Telkom has announced it’s going to shed thousands of jobs, with around 4 400 employees facing the axe by way of voluntary severance, early retirement packages and selected retrenchments. Telkom says that a further 3 4000 staff will be transferred to other companies.

“We expect to exit around 3 400 staff but, importantly, Telkom will seek to retain these skills through outsourcing to other companies or through enterprise development,” Telkom’s Jacqui O’Sullivan said. “The enterprise development option is where Telkom will seek to assist existing employees to develop their own new businesses.”

“These businesses, which will be owned and managed by former Telkom employees, would then be able to contract their services back to Telkom along with any other service providers in this growing and competitive industry,” she added.

The division in Telkom that will be the most affected will also hit consumers the hardest, which is the field technicians that come out to install and fix telephone and ADSL lines.

“Telkom Wholesale will end up with an estimated 4 000 full-time employees in the new, separated wholesale business,” it said.

It also explained that it has met with labour unions in an effort to explain the future course of action.

“[Yesterday], we engaged with organised labour in our restructuring forum. In this forum, we discussed the business case and operating model approach, as well as the potential timelines for collaboration on these important actions. Telkom would like to collaborate with organised labour through working groups, which will focus on how we can best mitigate potential workforce impacts on our people.”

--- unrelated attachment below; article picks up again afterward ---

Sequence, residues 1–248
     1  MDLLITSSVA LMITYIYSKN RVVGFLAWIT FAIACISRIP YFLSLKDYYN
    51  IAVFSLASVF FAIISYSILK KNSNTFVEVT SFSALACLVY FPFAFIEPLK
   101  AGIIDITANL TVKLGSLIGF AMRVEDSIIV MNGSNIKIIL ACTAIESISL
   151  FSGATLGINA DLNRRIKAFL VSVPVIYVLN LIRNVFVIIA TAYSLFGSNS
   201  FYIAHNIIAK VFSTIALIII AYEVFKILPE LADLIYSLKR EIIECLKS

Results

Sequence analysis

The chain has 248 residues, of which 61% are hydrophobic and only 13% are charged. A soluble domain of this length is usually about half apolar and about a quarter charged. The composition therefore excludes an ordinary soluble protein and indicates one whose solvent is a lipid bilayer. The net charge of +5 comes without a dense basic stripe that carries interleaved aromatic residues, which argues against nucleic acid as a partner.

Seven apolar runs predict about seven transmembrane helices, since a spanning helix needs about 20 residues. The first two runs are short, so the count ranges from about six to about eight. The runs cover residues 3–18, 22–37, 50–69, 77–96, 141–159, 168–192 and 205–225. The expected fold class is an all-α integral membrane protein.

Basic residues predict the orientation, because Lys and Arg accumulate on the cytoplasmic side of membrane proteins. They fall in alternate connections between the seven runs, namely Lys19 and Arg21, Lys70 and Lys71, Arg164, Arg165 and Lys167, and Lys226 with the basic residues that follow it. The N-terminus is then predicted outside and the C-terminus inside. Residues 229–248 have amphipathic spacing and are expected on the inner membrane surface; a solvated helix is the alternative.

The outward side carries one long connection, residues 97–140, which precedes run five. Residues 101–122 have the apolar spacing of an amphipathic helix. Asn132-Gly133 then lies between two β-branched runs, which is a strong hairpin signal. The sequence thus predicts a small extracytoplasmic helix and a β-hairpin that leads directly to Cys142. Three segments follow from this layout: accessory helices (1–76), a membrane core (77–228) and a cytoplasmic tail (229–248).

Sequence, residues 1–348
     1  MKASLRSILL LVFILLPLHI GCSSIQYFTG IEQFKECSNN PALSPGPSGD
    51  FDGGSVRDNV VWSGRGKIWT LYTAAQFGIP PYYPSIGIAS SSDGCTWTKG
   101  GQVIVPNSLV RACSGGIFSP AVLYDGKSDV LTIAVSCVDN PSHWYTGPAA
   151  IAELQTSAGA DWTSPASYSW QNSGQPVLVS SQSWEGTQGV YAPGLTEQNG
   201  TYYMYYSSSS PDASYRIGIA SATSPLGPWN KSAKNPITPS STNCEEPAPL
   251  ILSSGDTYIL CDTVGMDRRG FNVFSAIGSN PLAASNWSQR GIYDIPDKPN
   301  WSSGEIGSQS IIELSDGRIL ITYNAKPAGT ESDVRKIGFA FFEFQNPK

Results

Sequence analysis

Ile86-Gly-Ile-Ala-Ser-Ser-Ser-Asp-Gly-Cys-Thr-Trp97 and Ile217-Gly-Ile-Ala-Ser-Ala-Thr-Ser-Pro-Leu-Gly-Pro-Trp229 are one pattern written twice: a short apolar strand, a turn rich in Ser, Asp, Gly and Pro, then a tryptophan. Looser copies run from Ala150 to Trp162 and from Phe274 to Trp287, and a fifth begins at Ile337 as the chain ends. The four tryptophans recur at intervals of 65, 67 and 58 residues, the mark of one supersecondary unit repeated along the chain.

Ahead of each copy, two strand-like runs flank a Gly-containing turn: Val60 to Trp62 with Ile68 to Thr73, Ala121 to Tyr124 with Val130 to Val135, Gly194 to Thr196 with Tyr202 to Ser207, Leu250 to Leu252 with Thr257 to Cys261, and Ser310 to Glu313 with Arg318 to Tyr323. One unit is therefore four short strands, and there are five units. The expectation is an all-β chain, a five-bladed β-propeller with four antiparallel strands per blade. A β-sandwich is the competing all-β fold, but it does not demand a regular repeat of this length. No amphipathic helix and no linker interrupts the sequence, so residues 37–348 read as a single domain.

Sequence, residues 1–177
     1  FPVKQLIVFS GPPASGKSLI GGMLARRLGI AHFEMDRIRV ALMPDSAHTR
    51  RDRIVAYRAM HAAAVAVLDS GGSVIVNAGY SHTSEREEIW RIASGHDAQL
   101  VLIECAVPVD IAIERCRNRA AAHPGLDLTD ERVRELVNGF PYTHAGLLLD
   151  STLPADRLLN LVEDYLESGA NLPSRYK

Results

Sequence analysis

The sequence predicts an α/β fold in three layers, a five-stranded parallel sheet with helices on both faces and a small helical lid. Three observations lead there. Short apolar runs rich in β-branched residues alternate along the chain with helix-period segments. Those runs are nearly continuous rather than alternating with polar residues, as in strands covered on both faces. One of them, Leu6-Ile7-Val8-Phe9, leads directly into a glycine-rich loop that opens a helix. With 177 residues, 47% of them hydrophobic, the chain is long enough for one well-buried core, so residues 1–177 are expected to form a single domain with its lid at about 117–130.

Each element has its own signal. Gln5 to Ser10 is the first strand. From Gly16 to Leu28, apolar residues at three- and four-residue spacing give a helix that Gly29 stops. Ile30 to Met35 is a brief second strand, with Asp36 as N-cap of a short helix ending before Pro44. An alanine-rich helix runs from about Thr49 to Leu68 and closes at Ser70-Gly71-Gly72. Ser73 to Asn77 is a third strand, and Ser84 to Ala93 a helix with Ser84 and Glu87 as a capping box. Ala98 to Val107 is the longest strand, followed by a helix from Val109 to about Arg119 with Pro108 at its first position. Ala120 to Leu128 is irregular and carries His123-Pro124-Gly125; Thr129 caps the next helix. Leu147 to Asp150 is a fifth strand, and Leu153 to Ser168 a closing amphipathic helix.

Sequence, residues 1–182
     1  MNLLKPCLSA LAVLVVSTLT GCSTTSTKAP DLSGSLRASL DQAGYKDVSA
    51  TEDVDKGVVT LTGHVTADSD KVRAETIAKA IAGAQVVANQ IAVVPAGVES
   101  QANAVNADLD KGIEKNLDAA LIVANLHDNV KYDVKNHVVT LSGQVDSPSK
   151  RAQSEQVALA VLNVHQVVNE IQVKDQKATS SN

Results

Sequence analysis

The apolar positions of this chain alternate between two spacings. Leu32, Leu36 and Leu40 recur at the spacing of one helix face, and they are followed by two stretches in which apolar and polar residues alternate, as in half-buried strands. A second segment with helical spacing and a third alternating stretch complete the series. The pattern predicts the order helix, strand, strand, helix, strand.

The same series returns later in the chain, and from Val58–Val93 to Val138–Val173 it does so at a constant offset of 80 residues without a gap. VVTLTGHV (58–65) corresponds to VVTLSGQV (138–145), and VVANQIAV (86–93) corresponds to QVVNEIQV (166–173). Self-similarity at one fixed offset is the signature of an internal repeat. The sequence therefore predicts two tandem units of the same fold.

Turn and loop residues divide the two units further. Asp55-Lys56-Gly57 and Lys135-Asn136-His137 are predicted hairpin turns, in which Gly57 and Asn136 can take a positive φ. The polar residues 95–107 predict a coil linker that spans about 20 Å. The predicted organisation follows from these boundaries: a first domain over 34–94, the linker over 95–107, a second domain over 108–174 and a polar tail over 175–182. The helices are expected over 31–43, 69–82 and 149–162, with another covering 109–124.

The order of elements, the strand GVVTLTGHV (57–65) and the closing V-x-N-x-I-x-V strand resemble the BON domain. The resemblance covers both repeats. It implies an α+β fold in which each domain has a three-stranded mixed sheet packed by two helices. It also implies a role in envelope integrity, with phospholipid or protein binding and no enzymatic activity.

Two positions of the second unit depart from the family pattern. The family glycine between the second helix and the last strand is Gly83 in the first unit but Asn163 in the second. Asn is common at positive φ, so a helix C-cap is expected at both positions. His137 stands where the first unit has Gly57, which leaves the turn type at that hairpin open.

Telkom did also warn however, that this might not be the last of the retrenchments, as the telecoms giant wants to overhaul the company to function in a better way.

“Initial cost savings, major management restructuring and efficiency actions have delivered important improvements. However, these next restructuring actions, which will effectively reshape Telkom’s operating model for the future, are critical to ensure the long-term commercial sustainability of our business,” it said.

[Image – CC by 2.0/Robert Kirberich]

Charlie started his professional life as a motoring journalist for a community newspaper in Mpumalanga, Charlie explored different journalistic angles since his entry into the fast-paced world of publishing in 2006. While fostering a passion for the arts, Charlie developed a love for technology – both which allowed him to serve as Entertainment and Technology Editor for an online publication. Charlie has since been heavily involved in consumer technology for various websites and publications. He thoroughly enjoys World War II films and cerebral documentaries; aviation; photography and indie music. Oh yes, and he also has a rather strange obsession with collecting coffee mugs from his travels.